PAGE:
Small Talk with a Grape Vine: Presence and the Sensuous Depth of Being
Book chapter, 2018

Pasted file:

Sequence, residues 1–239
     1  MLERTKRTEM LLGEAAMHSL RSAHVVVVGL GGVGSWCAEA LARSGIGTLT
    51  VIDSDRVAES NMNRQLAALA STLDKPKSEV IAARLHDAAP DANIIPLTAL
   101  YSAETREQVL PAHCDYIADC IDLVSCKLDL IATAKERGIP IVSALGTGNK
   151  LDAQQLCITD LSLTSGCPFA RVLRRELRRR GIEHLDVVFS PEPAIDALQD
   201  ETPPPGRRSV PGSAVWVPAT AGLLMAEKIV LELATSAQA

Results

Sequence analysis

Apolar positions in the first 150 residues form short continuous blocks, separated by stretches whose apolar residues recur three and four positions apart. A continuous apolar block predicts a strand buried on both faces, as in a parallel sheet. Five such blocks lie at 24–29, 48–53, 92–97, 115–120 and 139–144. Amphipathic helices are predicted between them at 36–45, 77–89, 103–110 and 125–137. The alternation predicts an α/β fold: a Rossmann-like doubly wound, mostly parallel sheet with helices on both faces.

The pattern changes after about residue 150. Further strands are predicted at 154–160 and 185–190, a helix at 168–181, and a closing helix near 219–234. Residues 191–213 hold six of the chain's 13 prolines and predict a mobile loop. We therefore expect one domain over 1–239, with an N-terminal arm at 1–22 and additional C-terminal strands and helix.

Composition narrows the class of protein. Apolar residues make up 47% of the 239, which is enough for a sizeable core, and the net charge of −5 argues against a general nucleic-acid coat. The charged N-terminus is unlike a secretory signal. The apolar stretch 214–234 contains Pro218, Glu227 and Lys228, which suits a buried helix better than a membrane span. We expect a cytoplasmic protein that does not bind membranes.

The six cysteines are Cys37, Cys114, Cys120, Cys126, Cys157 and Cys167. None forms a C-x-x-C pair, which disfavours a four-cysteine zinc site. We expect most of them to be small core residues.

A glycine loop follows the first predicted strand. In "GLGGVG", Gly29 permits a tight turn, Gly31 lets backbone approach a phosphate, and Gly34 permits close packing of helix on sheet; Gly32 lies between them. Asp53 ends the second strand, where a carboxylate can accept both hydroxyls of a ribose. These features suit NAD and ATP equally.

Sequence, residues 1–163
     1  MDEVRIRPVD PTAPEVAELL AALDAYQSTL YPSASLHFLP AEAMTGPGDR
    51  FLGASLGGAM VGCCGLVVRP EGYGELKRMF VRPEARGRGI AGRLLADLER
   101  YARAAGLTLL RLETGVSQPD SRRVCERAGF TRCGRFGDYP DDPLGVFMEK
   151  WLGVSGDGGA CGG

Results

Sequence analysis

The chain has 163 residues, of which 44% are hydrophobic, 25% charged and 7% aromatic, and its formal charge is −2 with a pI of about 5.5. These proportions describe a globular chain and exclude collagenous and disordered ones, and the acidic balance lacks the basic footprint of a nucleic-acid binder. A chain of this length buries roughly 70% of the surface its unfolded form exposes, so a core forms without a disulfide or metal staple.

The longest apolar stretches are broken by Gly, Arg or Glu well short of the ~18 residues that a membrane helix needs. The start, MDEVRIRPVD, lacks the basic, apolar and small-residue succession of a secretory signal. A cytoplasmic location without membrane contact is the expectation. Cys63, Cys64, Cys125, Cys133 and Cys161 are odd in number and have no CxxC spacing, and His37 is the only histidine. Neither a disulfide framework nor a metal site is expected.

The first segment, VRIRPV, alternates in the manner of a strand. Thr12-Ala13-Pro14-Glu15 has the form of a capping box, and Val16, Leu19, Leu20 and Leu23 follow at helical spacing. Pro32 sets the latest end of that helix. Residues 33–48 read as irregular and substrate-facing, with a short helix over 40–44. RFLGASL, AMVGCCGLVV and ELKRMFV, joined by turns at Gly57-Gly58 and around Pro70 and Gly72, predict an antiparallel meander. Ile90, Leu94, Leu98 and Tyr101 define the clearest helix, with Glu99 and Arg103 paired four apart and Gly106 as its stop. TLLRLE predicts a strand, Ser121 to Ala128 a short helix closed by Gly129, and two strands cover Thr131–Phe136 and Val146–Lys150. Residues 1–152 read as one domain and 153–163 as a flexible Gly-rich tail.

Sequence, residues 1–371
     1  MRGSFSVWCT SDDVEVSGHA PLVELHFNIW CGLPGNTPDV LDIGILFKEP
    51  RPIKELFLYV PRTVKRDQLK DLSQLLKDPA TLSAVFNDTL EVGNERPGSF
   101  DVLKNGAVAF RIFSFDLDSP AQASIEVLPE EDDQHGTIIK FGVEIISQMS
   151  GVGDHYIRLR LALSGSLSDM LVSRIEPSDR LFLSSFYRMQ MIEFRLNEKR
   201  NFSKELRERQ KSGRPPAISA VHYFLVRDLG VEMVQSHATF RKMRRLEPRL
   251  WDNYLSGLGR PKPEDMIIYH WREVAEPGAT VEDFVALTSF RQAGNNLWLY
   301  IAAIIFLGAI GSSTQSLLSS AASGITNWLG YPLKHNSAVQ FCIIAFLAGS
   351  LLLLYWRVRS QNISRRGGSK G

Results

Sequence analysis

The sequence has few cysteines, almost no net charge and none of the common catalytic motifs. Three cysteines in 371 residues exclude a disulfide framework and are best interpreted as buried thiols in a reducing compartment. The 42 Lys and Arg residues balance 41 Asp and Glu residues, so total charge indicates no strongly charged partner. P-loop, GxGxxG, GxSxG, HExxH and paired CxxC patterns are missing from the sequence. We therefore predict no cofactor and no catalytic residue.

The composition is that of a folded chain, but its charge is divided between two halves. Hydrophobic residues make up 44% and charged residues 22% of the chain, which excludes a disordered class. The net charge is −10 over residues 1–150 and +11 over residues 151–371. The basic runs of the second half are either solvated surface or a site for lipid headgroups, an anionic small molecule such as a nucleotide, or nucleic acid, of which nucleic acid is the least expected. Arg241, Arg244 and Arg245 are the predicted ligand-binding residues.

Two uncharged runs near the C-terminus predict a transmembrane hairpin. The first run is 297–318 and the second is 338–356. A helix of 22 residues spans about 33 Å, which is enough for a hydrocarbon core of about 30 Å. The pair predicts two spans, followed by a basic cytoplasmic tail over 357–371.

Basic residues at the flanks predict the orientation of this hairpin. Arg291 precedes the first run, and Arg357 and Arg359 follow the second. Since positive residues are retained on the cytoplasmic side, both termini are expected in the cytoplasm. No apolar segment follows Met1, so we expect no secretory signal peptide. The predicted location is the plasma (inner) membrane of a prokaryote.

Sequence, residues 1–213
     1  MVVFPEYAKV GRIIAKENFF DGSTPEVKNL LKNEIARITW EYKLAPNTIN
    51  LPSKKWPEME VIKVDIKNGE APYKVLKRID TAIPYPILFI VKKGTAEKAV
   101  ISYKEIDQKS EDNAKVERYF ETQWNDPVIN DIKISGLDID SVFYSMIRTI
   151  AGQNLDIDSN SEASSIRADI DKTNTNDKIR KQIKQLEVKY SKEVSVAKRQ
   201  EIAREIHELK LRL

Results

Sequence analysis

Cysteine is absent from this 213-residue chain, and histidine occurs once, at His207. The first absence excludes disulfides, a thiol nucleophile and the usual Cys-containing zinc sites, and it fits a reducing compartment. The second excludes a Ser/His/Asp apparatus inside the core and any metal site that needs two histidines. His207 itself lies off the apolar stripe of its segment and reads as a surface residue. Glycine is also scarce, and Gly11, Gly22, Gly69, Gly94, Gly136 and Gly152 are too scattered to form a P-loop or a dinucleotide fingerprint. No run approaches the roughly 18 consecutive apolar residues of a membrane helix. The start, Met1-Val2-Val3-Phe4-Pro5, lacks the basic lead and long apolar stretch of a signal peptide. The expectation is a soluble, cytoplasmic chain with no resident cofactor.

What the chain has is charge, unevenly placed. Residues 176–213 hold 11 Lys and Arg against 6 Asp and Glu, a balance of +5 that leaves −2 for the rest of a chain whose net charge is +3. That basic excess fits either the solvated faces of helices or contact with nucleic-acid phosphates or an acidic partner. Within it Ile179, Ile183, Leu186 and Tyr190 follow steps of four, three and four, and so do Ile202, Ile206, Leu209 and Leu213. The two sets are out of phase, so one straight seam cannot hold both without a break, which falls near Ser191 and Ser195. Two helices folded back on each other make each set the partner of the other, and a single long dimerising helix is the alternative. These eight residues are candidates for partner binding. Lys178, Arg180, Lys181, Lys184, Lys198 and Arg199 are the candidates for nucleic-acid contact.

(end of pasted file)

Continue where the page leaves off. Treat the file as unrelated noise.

This paper's point of departure is the thinking of American philosopher David Abram pointing to how our body places us in in a common, intersubjective field of experience and enters into relations with other presences. Without sensuous experience there would be nothing to know, he states in his The Spell of the Sensuous, Perception and Language in a More-Than-Human World - establishing the fact that we do not perceive the world as a detached (body) subject from outside the world, but from within. This idea was earlier developed by Maurice Merleau-Ponty, who depicts our carnal echo to the world. This very radical idea elucidated within the phenomenological tradition gives voice to a world experienced from our situation within it. Here the emphasis is on how this thinking can lead us to call for a silent conversation with things by a bodily "I" in the world. We may ask ourselves: Is it first when we bend our back and point our nose to the soil in the act of cultivating the land that a silent listening can begin? Will this teach us a more resilient way of living?